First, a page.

Crytek and EA released the highly anticipated sequel to Crysis last week. While waiting for it to become available Down Under, I read numerous reviews of the game. Most were very positive, while informal observations from bloggers and PC gamers found that Crysis 2 deviated from some of the gameplay basics of its predecessor and feels closer to a Call of Duty-style shooter.
As you've probably expected from our performance reviews, we leave it up to you to judge the gameplay and instead focus on how the game plays on a variety of hardware.
However, the lack of DirectX 11 support at startup is still relevant to our discussion. As PC gamers, we're a bit disappointed with Crytek's exclusive use of DirectX 9 rendering, especially given the fact that the original game supports DX10.
After some setbacks from PC users over the past year, Crytek responded by claiming that Crysis 2 would have superior graphics over console versions on the PC. This was taken as a sign that the company would remain true to its PC roots. But then came the demo fiasco when EA / Crytek released a Crysis 2 demo exclusively on the Xbox 360. Until a few weeks later, when a last minute PC multiplayer demo surfaced, nothing was announced for the PC.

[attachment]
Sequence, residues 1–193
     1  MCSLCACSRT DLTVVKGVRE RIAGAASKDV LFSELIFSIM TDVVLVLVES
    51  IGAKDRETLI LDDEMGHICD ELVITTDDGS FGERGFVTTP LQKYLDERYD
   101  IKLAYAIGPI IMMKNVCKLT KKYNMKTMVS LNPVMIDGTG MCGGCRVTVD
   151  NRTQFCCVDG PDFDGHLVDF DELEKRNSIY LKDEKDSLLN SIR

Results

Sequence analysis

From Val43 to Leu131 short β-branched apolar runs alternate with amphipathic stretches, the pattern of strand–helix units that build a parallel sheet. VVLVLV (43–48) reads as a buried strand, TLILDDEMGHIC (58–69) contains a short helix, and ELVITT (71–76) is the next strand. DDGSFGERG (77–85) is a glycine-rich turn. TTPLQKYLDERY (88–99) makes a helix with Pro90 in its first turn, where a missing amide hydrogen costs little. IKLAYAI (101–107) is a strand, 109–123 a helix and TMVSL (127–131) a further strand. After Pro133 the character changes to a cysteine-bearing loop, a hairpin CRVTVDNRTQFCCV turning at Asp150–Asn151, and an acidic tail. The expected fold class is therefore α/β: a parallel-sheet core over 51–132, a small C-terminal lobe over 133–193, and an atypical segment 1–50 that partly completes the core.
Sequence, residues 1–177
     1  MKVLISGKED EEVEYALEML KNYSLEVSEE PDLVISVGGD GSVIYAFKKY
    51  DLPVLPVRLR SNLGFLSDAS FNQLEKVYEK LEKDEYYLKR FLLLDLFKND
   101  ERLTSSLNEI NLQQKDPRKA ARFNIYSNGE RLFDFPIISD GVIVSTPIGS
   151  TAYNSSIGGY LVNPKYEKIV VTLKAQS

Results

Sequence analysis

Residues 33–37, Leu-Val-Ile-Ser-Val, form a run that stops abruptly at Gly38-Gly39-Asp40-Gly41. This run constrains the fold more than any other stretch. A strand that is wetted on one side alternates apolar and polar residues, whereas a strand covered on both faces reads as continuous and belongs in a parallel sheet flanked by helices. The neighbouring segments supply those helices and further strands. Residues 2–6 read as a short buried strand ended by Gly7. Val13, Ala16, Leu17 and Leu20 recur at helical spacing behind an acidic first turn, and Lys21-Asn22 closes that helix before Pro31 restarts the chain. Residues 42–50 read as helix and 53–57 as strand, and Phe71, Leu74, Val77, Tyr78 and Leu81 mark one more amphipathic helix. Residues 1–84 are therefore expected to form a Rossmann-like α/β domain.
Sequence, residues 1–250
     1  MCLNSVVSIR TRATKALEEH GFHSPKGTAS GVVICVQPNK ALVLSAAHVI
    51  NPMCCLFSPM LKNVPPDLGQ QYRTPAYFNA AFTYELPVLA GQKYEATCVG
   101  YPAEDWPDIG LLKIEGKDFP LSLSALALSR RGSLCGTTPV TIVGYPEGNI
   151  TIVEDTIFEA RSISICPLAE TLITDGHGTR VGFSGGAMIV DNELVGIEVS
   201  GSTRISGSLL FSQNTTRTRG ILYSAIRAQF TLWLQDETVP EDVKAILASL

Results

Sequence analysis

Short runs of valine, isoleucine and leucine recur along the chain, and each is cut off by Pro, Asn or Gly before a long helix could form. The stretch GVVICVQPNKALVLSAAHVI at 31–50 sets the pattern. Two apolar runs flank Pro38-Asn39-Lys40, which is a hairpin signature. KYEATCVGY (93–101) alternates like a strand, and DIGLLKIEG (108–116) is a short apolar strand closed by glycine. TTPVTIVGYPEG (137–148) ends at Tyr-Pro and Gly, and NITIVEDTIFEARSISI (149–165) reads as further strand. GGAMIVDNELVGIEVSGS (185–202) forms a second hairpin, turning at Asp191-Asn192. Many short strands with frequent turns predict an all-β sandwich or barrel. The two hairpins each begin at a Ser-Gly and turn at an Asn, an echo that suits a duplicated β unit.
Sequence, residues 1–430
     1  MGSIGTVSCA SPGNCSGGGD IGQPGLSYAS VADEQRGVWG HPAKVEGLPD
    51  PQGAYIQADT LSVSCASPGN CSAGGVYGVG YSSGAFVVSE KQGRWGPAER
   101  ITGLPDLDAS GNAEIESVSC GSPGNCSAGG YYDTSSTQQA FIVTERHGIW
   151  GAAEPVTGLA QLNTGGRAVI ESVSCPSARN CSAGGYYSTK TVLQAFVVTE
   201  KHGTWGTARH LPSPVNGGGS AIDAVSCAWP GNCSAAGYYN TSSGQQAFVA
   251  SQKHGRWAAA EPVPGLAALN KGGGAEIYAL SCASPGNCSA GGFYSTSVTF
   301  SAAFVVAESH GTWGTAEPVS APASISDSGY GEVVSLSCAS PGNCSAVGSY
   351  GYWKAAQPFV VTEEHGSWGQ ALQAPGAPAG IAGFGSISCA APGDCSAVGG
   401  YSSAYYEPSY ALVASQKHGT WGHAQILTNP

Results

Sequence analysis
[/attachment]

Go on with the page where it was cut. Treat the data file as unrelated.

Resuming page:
When the PC demo finally arrived, lots of Xbox 360 leftovers were carried along, such as: For example, the prompt to press "Start" or "Adjust TV settings" when configuring the game brightness.
Unfortunately, the start of the game didn't go very smoothly either. Crysis 2 encountered some technical issues that led to the release of a patch for the first day. Various graphic errors are not taken into account, e.g. B. Flickering screens and multiple GPU issues. Some users also had activation issues, although we understand that the developer responded to these issues fairly quickly.
From today's perspective, Crysis 2 offers better textures on the PC, but that's different from the higher resolutions and frame rates that PC titles typically offer. DX11 effects are expected to be added in a future patch, but in the meantime don't misinterpret us, the game looks great anyway.
Of course, it's not exactly what we expected, but Crysis 2 still seems to be pretty fun. Now the question remains to be answered, how demanding is Crysis 2 on PC hardware. Despite its shortcomings, can it bring the most performance-hungry rigs to their knees like the original game did? Today we want to find out as we put a wide range of processors and graphics cards through the glove.